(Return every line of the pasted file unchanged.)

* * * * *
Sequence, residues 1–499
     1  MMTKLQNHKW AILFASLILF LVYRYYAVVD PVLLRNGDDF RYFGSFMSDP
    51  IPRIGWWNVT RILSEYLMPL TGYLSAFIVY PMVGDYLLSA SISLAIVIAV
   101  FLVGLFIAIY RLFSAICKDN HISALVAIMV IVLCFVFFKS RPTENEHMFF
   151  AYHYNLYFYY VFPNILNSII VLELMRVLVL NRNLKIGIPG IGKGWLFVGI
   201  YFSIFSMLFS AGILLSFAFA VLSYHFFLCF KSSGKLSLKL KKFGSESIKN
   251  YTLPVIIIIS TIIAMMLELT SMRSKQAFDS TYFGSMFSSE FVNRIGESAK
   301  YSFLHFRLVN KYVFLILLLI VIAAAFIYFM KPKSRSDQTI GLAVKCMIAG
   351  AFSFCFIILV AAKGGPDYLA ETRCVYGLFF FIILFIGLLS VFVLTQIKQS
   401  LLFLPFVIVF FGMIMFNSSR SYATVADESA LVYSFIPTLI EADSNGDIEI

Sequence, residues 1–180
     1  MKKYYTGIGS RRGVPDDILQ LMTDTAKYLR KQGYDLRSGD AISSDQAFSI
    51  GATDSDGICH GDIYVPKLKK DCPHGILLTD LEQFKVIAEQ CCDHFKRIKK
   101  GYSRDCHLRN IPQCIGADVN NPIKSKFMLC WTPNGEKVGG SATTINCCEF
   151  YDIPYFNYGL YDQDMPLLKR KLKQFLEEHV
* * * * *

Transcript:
Sequence, residues 1–499
     1  MMTKLQNHKW AILFASLILF LVYRYYAVVD PVLLRNGDDF RYFGSFMSDP
    51  IPRIGWWNVT RILSEYLMPL TGYLSAFIVY PMVGDYLLSA SISLAIVIAV
   101  FLVGLFIAIY RLFSAICKDN HISALVAIMV IVLCFVFFKS RPTENEHMFF
   151  AYHYNLYFYY VFPNILNSII VLELMRVLVL NRNLKIGIPG IGKGWLFVGI
   201  YFSIFSMLFS AGILLSFAFA VLSYHFFLCF KSSGKLSLKL KKFGSESIKN
   251  YTLPVIIIIS TIIAMMLELT SMRSKQAFDS TYFGSMFSSE FVNRIGESAK
   301  YSFLHFRLVN KYVFLILLLI VIAAAFIYFM KPKSRSDQTI GLAVKCMIAG
   351  AFSFCFIILV AAKGGPDYLA ETRCVYGLFF FIILFIGLLS VFVLTQIKQS
   401  LLFLPFVIVF FGMIMFNSSR SYATVADESA LVYSFIPTLI EADSNGDIEI

Sequence, residues 1–180
     1  MKKYYTGIGS RRGVPDDILQ LMTDTAKYLR KQGYDLRSGD AISSDQAFSI
    51  GATDSDGICH GDIYVPKLKK DCPHGILLTD LEQFKVIAEQ CCDHFKRIKK
   101  GYSRDCHLRN IPQCIGADVN NPIKSKFMLC WTPNGEKVGG SATTINCCEF
   151  YDIPYFNYGL YDQDMPLLKR KLKQFLEEHV